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Tom Brewster puts Olympic hopes on ice as new campaign warms up

FOR Tom Brewster it was all very familiar and yet all very different as a new curling season, and a new Olympic cycle, began in Baden yesterday.

Tom Brewster was a non-playing silver medallist in Sochi and now has a new rink of his own. Picture: Reuters
Tom Brewster was a non-playing silver medallist in Sochi and now has a new rink of his own. Picture: Reuters

The father of two had been the senior figure who brought together three youngsters to form the team that claimed a silver medal for Britain earlier this year, only to find himself sidelined throughout that Winter Olympic tournament.

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It was an extraordinary turn of events which caused Brewster to be dislodged from his position as skip by Dave Murdoch, the two-time world champion and the man who went on to win his first Olympic medal at his third attempt.

Asked to operate in a support role as alternate for the Olympic squad, Brewster - who had twice won World Championship silver with the trio he recruited, Scott Andrews, Greg Drummond and Michael Goodfellow - would have been forgiven for telling the management he was not interested. However, in putting the interests of the team first, he more than earned his silver medal in Sochi.

With all four of those who were on the ice throughout that tournament remaining with the programme, however, Brewster has had another big decision to make over the summer and consequently it was as a rival rather than a team-mate to that aforementioned quartet that he and a new brood of younger players turned up at the Baden Masters yesterday.

Not that the names are unfamiliar, since his squad contains Glen and Tommy Muirhead - two members of a curling dynasty which includes dad Gordon, a former Olympian, and sister Eve, who was the bronze medal-winning skip of the women's rink in Sochi - as well as Hammy McMillan, the son of a very famous father of the same name who skipped rinks to both world and European titles.

Where Brewster took the initiative four years ago and assembled a team from scratch which then forced the national selectors to pay attention by winning Scottish titles and reaching World Championship finals, this time he has been asked by those running the programme to work with a group which also includes Ross Paterson, a more experienced player who was part of Logan Gray's Perth Masters-winning rink last season.

All of which might have seemed too much like hard work after what had been a strange Olympic experience but instead, even after around 10 hours in transit caused by flight delays and missed connections, Brewster's enthusiasm only seemed amplified by the prospect of this latest challenge.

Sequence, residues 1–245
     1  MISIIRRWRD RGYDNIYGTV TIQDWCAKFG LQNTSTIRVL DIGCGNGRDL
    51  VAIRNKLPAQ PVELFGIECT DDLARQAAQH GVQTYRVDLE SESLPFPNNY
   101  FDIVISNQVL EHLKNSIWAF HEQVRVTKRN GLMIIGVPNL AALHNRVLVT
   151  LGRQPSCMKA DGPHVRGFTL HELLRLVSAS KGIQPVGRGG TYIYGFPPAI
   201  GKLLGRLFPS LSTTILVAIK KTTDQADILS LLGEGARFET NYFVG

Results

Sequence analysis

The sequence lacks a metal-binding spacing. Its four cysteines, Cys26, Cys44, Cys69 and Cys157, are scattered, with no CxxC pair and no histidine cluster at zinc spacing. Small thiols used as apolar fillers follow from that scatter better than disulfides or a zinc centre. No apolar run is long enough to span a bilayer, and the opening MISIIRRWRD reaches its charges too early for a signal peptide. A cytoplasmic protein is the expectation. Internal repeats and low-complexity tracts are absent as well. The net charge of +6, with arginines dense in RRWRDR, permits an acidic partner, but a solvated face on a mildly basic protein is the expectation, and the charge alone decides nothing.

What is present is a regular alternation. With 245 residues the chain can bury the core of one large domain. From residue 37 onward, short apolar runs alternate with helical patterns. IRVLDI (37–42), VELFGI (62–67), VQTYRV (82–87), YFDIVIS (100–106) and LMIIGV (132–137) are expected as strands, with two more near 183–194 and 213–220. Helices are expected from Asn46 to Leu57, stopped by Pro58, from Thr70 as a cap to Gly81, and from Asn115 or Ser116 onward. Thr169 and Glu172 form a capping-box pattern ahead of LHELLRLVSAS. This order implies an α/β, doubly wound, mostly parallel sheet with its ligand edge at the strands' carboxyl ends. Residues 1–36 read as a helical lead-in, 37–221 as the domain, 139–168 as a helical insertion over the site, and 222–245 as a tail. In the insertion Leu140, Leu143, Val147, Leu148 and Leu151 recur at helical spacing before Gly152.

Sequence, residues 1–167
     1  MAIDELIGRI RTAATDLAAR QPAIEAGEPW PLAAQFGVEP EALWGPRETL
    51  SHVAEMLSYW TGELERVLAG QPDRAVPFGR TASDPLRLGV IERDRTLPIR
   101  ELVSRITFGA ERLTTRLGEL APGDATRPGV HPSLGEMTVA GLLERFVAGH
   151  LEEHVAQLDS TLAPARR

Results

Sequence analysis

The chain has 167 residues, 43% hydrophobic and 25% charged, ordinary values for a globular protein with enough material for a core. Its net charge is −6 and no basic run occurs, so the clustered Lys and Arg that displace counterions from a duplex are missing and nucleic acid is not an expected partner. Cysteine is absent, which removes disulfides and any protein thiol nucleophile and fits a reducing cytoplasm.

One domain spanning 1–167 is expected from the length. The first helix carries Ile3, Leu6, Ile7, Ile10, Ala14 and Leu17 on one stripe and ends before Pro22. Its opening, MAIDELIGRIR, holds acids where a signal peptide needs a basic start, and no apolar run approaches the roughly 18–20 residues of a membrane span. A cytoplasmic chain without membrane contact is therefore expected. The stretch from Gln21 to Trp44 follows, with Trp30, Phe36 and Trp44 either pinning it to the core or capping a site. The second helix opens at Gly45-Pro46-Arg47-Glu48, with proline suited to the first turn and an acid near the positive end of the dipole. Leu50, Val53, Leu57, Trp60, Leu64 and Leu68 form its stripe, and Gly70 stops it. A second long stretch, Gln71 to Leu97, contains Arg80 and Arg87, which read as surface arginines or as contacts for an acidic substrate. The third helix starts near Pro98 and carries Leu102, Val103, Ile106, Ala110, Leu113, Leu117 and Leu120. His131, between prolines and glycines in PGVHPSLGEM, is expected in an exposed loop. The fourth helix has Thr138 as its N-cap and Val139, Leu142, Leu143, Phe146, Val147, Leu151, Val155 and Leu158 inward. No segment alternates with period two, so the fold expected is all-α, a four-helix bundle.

"I got some guys together four years ago who had the right mindset and real talent and these guys are very similar in that regard," he said of his new squad, speaking on the eve of the new season's opener. "In the case of Glen, Tommy and Hammy I played with their dads. We've got a lot to do and there will be a lot of ups and downs to begin with, but they've got a bundle of talent. I know what it takes to get there and what it takes to win so it's about instilling that in them."

Having picked up an Olympic medal, Brewster's drive now is to play at an Olympic Games and he believes he is capable of doing so.

"I've now watched a lot of curling which I maybe hadn't done as much previously," he said. "I feel I learned a lot from that, whereas most of what I'd learned previously was from participating. I think it's all made me stronger."

Rather than being disenchanted, then, he returned from the Olympics determined to get himself into the best possible shape to challenge again, getting to work on his physical conditioning and technical work almost as soon as he returned from Sochi. "I turned 40 in April but I feel fitter than ever," Brewster added. "I'm now the weight I was when I was 17 and technically I think I am now throwing the stones better than ever."

He is, though, under no illusions over the task that confronts him and his new team-mates who were, last week, still sorting out which side of the rink they will be sweeping on.

A five-man group also brings the potential for internal competition and Brewster is only too well aware of how tricky that can be to manage. Indeed, Murdoch had been brought into Brewster's rink, then shared skipping responsibilities with him, before ultimately replacing him as the team leader, but he is determined to make the very best of that. "It [the five man set-up] can be a positive thing if the coaches handle it properly," he said.

Brewster is keen to stress that, while there must be rivalry, he has no problem with his Olympic team-mates about the way things worked out. "You have to remember I have a lot of history with Dave as well as the others. I grew up playing cricket with his dad and Dave and I played together for the first six years of our career back in the nineties," he said. "Obviously in the years in between we spoke less because we were rivals, but we always got on and it's been fine since the Olympics."

The new squad starts at an apparent disadvantage in relation to his Olympic team-mates, who are funded full-time. Based in Aberdeen, however, a part-time set-up continues to suit Brewster better than giving up his job and uprooting wife and family while, more to the point, he has been here before.

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